Economic hardship associated with managing chronic illness: a qualitative inquiry
1 The Australian Primary Health Care Research Institute, The College of Medicine, Biology and Environment, The Australian National University, Building 62, Mills Rd, Canberra, ACT 0200, Australia
2 The Faculty of Nursing and Midwifery, The University of Sydney, 88 Mallett Street, Camperdown, NSW 2050, Australia
3 Menzies Centre for Health Policy, The University of Sydney, Victor Coppleson Bldg (D02), Camperdown, NSW 2006, Australia
4 The George Institute for International Health, Level 10 King George V Building, Royal Prince Alfred Hospital, Missenden Road, Camperdown, NSW 2050, Australia
5 Menzies Centre for Health Policy, The College of Medicine, Biology and Environment, The Australian National University, Building 131, Garran Road, Canberra, ACT 0200, Australia
6 The John Curtin School of Medical Research, The College of Medicine, Biology and Environment, The Australian National University, Building 131, Garran Road, Canberra, ACT 0200, Australia
BMC Health Services Research 2009, 9:182 doi:10.1186/1472-6963-9-182Published: 9 October 2009
Chronic illness and disability can have damaging, even catastrophic, socioeconomic effects on individuals and their households. We examined the experiences of people affected by chronic heart failure, complicated diabetes and chronic obstructive pulmonary disease to inform patient centred policy development. This paper provides a first level, qualitative understanding of the economic impact of chronic illness.
Interviews were conducted with patients aged between 45 and 85 years who had one or more of the index conditions and family carers from the Australian Capital Territory and Western Sydney, Australia (n = 66). Content analysis guided the interpretation of data.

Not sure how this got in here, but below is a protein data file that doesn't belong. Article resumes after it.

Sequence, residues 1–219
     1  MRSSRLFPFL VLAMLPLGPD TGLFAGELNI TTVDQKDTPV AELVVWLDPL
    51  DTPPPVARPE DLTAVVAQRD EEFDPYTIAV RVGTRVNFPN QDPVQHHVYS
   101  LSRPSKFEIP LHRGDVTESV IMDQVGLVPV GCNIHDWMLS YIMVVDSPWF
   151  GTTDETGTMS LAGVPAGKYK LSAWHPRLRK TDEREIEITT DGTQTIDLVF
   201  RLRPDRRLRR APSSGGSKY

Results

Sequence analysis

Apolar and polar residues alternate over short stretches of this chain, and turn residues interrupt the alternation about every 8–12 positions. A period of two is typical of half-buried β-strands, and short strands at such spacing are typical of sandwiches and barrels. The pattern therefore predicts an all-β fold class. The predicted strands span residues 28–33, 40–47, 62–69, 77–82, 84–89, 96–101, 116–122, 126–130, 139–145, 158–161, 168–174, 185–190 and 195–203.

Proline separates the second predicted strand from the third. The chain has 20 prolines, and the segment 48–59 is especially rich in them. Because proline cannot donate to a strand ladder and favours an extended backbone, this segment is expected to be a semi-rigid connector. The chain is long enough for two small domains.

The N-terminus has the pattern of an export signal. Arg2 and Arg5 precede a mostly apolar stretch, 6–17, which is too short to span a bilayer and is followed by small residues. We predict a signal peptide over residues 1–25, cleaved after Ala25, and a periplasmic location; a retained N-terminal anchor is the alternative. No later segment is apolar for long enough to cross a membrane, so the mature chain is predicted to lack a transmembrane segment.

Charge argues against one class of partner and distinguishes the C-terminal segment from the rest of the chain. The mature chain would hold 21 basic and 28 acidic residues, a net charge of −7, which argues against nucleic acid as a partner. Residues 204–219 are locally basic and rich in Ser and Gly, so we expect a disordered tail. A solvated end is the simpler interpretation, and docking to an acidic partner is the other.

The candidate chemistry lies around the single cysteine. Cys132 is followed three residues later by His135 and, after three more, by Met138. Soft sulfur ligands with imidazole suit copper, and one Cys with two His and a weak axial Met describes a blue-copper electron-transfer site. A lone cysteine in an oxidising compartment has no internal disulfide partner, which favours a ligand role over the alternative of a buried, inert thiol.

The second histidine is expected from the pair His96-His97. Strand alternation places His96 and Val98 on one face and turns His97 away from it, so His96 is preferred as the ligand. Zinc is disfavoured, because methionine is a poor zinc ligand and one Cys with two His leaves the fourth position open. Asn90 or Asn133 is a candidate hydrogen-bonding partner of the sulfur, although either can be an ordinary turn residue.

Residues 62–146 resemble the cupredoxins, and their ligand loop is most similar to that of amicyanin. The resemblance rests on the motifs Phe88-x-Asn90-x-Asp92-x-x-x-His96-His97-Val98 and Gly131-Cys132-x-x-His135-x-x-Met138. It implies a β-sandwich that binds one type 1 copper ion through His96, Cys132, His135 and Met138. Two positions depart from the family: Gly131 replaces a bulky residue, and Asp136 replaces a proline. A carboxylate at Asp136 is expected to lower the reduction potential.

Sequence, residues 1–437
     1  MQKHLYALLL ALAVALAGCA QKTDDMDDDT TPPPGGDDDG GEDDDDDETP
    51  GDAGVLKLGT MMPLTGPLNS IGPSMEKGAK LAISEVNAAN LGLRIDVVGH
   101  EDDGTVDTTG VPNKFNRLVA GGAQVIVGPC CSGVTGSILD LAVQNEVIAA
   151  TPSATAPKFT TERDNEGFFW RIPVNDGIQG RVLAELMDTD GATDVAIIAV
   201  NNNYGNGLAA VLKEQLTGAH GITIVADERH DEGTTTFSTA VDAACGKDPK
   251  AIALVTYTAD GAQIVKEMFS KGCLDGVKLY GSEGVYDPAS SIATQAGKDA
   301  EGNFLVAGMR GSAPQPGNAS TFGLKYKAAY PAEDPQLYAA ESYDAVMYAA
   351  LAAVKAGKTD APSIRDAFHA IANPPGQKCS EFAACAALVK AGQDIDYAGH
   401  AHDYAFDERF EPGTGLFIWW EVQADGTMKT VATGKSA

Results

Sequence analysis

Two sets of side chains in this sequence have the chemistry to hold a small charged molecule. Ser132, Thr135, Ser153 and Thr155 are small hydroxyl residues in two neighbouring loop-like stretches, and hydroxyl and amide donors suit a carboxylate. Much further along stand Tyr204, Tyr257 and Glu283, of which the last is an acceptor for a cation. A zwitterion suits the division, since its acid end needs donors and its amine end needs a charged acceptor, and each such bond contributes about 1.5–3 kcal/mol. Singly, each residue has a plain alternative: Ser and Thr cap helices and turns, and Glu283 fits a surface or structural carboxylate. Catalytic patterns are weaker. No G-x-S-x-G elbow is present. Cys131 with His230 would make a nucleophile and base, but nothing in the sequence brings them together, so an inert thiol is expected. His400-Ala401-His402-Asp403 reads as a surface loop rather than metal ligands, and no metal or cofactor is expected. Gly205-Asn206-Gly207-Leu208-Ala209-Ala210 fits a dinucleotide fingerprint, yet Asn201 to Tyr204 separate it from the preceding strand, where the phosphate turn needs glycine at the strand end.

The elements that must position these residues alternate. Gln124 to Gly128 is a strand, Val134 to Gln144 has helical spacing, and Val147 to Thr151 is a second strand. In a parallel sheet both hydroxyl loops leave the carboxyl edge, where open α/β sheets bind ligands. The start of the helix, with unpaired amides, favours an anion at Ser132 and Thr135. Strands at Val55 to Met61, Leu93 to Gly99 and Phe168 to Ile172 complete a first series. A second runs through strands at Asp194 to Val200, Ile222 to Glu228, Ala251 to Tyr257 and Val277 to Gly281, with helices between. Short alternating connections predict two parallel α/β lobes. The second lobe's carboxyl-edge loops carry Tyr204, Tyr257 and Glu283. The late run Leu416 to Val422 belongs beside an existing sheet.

The affordability of medical treatments and care required to manage illness were identified as the key aspects of economic hardship, which compromised patients' capacity to proactively engage in self-management and risk reduction behaviours. Factors exacerbating hardship included ineligibility for government support, co-morbidity, health service flexibility, and health literacy. Participants who were on multiple medications, from culturally and linguistically diverse or Indigenous backgrounds, and/or not in paid employment, experienced economic hardship more harshly and their management of chronic illness was jeopardised as a consequence. Economic hardship was felt among not only those ineligible for government financial supports but also those receiving subsidies that were insufficient to meet the costs of managing long-term illness over and above necessary daily living expenses.
This research provides insights into the economic stressors associated with managing chronic illness, demonstrating that economic hardship requires households to make difficult decisions between care and basic living expenses. These decisions may cause less than optimal health outcomes and increased costs to the health system. The findings support the necessity of a critical analysis of health, social and welfare policies to identify cross-sectoral strategies to alleviate such hardship and improve the affordability of managing chronic conditions. In a climate of global economic instability, research into the economic impact of chronic illness on individuals' health and well-being and their disease management capacity, such as this study, provides timely evidence to inform policy development.